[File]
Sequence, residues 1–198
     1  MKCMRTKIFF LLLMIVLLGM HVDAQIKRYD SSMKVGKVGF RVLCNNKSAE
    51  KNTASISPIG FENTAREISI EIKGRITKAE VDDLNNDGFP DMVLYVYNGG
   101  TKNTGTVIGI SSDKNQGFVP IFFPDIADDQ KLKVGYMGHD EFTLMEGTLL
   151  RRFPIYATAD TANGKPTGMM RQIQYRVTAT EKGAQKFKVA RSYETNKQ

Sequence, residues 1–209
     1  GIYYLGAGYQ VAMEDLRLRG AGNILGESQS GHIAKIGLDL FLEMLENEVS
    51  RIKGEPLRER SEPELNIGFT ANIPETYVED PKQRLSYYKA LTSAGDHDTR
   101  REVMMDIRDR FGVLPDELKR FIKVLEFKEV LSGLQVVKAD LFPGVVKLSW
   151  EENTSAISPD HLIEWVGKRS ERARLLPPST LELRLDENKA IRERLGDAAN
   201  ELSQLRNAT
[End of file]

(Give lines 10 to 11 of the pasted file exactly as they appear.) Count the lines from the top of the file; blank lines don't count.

   151  EENTSAISPD HLIEWVGKRS ERARLLPPST LELRLDENKA IRERLGDAAN
   201  ELSQLRNAT